This is one of the most sought-after whiskies from Yamazaki. The juice spends over 12 years maturing in Japan’s super rare mizunara casks only, meaning that this isn’t some whisky that’s “finished” in old Mizurana casks for a few months. After over a decade of mellowing, the casks are hand-picked for their excellence, vatted, and just proofed before bottling.
Yup, delicious. It read as a little woodier on today’s panel which is why I ranked it third. But these top three are all stellar, I just liked the next two a little more as everyday sippers.
2. The GlenDronach Batch 10 Cask Strength — Taste 7
Average Price: $220
The 10th release from the most beloved The GlenDronach Cask Strength series is another instant classic. Dr. Rachel Barrie blends the whisky in the bottle from Pedro Ximénez and Oloroso sherry casks. The whisky is then vatted and bottled as-is with no fussing.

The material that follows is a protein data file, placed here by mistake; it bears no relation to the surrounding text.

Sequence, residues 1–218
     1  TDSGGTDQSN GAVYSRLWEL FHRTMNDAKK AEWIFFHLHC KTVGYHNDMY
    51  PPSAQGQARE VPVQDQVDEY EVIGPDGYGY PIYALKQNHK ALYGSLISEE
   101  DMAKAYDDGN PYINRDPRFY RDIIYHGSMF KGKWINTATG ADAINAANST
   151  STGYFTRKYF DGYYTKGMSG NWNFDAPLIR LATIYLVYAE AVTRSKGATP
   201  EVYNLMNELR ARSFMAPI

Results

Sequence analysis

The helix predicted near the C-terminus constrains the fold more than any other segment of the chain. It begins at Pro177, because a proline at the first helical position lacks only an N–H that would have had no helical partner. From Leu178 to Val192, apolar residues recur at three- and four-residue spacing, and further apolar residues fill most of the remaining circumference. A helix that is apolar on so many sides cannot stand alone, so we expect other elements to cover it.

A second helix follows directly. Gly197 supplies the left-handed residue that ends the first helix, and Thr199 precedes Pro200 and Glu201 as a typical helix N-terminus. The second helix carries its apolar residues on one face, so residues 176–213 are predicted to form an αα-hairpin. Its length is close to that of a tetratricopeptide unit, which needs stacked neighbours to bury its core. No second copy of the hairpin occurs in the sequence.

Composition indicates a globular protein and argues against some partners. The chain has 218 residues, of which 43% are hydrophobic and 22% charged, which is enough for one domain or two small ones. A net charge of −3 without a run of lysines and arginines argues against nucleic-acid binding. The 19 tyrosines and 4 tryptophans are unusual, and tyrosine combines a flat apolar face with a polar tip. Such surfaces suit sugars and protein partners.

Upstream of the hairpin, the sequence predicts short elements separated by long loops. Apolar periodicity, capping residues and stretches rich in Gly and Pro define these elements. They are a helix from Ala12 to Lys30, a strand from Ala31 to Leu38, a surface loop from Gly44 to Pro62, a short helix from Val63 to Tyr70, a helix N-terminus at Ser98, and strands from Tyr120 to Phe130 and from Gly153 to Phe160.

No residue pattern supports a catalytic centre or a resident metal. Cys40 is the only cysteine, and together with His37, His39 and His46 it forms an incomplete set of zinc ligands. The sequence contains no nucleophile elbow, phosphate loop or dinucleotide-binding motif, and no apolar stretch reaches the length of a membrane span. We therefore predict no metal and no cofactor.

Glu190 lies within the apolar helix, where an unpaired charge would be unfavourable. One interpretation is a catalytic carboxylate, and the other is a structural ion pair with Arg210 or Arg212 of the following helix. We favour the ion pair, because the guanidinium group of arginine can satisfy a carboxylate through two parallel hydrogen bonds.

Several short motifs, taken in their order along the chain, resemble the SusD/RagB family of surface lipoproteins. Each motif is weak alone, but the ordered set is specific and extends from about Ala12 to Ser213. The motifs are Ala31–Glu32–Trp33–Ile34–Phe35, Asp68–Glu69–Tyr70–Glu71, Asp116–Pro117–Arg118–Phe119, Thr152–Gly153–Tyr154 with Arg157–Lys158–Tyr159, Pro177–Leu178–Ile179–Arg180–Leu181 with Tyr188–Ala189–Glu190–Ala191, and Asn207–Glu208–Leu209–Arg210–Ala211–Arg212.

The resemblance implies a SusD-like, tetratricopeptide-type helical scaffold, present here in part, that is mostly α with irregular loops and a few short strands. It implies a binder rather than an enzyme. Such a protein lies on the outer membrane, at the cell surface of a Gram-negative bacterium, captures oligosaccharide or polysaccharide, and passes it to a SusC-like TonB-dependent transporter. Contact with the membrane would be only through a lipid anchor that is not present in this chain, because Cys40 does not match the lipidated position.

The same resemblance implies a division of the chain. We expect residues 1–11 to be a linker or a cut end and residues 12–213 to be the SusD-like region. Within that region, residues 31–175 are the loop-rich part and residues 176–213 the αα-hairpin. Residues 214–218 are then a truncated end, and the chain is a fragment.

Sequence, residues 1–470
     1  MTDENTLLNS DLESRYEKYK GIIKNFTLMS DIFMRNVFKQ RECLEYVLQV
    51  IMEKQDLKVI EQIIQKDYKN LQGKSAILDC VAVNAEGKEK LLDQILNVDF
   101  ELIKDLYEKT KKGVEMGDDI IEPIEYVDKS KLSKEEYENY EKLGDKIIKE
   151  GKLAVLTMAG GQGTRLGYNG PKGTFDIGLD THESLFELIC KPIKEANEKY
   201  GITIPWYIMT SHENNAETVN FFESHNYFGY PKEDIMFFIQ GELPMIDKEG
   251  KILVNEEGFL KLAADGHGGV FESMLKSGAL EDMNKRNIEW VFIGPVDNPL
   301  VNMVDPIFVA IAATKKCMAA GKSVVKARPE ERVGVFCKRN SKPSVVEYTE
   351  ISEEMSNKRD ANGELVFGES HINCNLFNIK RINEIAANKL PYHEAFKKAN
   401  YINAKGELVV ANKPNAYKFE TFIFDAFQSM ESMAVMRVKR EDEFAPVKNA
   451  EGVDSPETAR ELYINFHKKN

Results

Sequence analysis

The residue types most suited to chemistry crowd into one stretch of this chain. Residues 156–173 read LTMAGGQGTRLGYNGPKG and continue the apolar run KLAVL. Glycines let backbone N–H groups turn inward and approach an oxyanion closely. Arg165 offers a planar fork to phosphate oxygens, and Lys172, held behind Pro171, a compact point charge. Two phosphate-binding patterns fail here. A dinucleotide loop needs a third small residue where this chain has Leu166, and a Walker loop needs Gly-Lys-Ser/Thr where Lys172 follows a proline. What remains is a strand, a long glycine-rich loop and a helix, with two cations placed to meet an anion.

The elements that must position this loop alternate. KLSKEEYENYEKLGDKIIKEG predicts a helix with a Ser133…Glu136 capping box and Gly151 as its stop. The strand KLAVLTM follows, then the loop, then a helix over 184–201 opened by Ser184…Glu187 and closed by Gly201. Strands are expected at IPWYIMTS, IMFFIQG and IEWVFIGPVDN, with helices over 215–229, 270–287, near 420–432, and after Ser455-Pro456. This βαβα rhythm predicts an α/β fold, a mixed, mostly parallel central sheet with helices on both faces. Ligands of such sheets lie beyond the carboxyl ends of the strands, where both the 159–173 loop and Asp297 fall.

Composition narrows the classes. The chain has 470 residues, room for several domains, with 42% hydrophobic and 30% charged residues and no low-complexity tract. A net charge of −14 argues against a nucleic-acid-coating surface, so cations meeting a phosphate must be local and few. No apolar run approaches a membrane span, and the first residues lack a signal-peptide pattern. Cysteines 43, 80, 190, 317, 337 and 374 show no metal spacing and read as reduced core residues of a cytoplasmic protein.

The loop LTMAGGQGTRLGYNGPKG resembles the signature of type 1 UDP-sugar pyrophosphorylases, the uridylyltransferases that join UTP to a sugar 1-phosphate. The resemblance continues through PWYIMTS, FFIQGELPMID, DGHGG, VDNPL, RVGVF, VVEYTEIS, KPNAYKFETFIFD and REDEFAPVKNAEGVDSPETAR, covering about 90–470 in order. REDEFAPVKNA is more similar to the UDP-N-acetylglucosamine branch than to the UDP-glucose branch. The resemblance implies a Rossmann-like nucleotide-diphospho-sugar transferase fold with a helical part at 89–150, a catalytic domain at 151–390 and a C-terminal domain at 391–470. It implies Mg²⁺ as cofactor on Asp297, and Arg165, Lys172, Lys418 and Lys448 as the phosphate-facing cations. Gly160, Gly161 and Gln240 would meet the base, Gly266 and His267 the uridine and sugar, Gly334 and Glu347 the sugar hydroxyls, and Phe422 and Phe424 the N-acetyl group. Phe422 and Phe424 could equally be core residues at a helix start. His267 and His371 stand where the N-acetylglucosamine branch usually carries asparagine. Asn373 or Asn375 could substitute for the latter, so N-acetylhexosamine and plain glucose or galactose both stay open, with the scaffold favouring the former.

This was close to being number one. The higher proof added a little oomph to the whole affair but it didn’t add more depth, that’s why it was narrowly beaten by the next entry.
All of that said, this is delicious sipping whisky with real depth that’s also super easy to drink and rewarding.
1. The Dalmore Cigar Malt Reserve — Taste 1
Average Price: $240
This Highland whisky is a no-age-statement version of The Dalmore. The juice is made from Golden barley that grows on the island in the rich and very coastal soils. The ground malted barley is mixed with pure water from the Cromarty Firth nearby during the mashing process. After a couple of times through pot stills, the hot whisky is loaded into ex-bourbon casks, 30-year-old Matusalem Oloroso Sherry butts, and former Cabernet Sauvignon from the Saint-Estèphe appellation of Bordeaux. After 10 to 15 years, those barrels are vatted, the whiskey is proofed, and it’s bottled.
This is a phenomenal pour of whisky. This is a perfect sipper for backyard firepits, holiday parties, and rolling around in fall leaves. It’s just f*cking delicious.
Part 3: Final Thoughts
There was just no beating the top pour today. That The Dalmore Cigar Blend was so nuanced and delicate. It’s everything you want in high-end single malt that takes you on a journey with every sip.
I’d also highly recommend two through five on this list. Each one offers a little something different while also hitting high notes of damn near perfection. The rest you can pretty easily skip.